How to Prevent Data Leaks. Our Top Tips:

how to prevent data leaks

Any kind of data breach for a business can bring about catastrophic results. According to Ponemon Institute’s Cost of a Data Breach survey, 2020 saw $3.86 million in lost assets from data breaches alone (with numbers for 2021 indicating growth to over $4 million), and the average data breach costs a small business around $108,000, due to the ramifications of losing customer information. This can be from loss of business, lawsuits, and other financial obligations. As you can see, such a data breach can be devastating to any kind of business. Even if you’re able to stay afloat following the loss of company and customer data, it can take years to recover from the attack. That is exactly why you need to know how to prevent data leaks in your place of business.

Monitor All Network Access

It is possible for a data breach to happen anywhere within your network. This means even in areas you would never expect. You likely look at Internet connections on your computer and other ways you directly communicate with other networks and systems outside of your own. However, a skilled cybercriminal can siphon off data through other entry points, including IoT (Internet of Things) devices. So yes, that printer you have connected to the office network can actually be the certain opening cybercriminals need. Realistically, just about anything that connects to the Internet can be used to bypass incomplete network security. That is exactly why you need to throw a wider security net and protect all network access points.

Discuss Employee Expectations

You can have the most advanced network security system in place within your business, but it’s all for not if an employee opens an email and clicks on an infected link. Sometimes the easiest form of sneaking into a business network is the most effective. There’s a reason cybercriminals still send out phishing scams that look like a direct email from Apple or PayPal. It is set up to trick spam filters and to look authentic. Of course, the easiest way to determine whether or not an email is fake or not is to look at the actual sender’s email address. Often this is a dead giveaway (Apple doesn’t send official emails from a Gmail account). However, it is still important to discuss employee expectations on their conduct and what they do with their computers.

This does become trickier with stay-at-home operations where employees can use their own computers while working from their house. With a company computer, you can block access to certain websites and email accounts. However, when an employee uses their own computer, you cannot do as much. While you can still incorporate their computer under the umbrella of network security, you won’t be able to go to the same protective measures of preventing access to other websites. In these instances, the best you can do is discuss employee expectations and go over what to avoid on the Internet and in emails.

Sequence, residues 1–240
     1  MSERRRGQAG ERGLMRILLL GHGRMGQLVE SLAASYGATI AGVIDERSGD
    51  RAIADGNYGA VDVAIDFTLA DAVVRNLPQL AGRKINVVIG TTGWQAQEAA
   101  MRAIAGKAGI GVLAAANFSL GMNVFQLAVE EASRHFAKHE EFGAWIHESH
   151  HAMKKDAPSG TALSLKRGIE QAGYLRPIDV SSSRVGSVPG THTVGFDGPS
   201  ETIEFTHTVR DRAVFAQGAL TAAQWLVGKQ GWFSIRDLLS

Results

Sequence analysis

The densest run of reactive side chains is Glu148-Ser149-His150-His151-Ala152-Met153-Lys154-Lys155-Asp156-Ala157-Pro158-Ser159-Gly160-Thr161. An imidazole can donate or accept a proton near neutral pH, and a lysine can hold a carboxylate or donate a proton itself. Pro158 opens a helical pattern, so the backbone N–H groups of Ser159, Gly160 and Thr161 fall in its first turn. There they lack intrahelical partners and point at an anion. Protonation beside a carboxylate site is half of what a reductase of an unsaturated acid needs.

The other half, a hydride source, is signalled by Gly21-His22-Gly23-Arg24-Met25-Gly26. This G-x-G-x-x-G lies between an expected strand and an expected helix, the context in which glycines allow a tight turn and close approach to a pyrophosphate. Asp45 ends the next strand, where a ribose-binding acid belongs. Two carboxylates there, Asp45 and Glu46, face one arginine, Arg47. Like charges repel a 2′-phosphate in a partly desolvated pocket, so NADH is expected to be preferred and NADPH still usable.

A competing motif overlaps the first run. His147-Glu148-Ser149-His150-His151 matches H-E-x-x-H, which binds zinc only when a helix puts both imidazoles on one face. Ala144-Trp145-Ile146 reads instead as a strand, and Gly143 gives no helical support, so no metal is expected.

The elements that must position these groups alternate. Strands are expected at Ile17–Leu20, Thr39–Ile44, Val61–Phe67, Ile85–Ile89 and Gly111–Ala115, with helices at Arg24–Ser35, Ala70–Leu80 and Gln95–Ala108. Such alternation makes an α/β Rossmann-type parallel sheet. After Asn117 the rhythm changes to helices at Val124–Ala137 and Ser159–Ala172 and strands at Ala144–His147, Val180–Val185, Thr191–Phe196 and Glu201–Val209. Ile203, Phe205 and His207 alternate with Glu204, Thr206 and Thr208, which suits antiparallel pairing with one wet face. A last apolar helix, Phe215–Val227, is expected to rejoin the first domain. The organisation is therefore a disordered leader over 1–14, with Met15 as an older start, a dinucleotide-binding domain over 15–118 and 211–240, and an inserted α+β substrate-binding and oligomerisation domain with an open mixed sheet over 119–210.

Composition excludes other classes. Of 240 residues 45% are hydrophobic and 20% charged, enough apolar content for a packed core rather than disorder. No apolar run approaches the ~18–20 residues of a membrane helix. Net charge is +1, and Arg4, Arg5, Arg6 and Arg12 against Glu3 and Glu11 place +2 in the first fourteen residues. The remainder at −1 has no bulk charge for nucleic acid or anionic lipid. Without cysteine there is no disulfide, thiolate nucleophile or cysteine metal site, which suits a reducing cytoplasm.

Two-Factor Authentication

With more employees working from home, you want to make sure it is actually your employee logging into the office network and not a stranger. The best way to do this is to take advantage of two-factor authentication. Passwords and usernames can be given out or stolen, so relying on this leaves your network at risk of a data breach. However, with the second form of authentication, you can greatly heighten your level of security. There are several secondary authentication forms you can take advantage of. This includes fingerprint scans, requiring a security question and answer, or incorporating facial recognition software. Charlotte IT Solutions can assist you with setting up a two-factor authentication system for your office.

Encrypt Data

This is a safeguard approach designed to protect you in the event of a data breach. By encrypting your data, even if someone can steal information from your network, they won’t have direct access to the files they obtain. Now, a skilled cybercriminal may still be able to piece together some of the information without a decryption key, and it offers an additional layer of protection. Data encryption shouldn’t be used as the only means of defense but as an additional layer of protection for your company and its information.

Look Into Third Party Services

While you take data security seriously, third-party applications and service providers may not. Your data security is only as strong as the weakest link, and if a third party is lax with their security, you put yourself at risk. While the services or prices they offer may be good, it’s not worth risking your entire business in the event of a data breach on their end. Due to this, it is important to contact any third-party members you work with and consult them on their security protocols. If you’re not sure how to go about doing this, or if you’re interested in help, Charlotte IT Solutions can lend a hand in contacting these third parties to determine the quality of security they have implemented.

Help Securing Your Company’s Data Network

Many of these practices for how to prevent data leaks you and your employees can execute. Often, data leaks cause a human error due to someone clicking on an infected link. However, the greater your network protection, the better off your business will be, as more sophisticated hackers and cybercriminals will not want to spend time attempting to break through your protective barrier. To help you prevent data leaks, and enhance other areas of your business IT network, the team at Charlotte IT Solutions is here to help. To discover the optimal ways you can protect your data, give the customer service staff at Charlotte IT Solutions a call or send a request email at your earliest convenience.

Proudly serving customers across North and South Carolina including Charlotte, NC, Salisbury, NC, Hickory, NC, Greenville, SC, Myrtle Beach, SC, and beyond!